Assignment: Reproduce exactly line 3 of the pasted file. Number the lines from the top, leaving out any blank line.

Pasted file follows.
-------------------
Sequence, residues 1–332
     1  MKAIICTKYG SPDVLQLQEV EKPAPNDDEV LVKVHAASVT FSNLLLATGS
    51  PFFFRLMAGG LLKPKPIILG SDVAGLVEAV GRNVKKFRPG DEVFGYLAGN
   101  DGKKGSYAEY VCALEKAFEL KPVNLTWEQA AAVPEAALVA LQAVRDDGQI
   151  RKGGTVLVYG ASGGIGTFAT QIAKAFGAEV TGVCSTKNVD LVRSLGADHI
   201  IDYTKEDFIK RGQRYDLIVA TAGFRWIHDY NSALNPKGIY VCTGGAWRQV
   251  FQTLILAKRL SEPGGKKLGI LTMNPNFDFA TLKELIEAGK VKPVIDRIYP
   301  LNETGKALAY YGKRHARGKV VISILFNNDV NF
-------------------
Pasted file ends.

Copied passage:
    51  PFFFRLMAGG LLKPKPIILG SDVAGLVEAV GRNVKKFRPG DEVFGYLAGN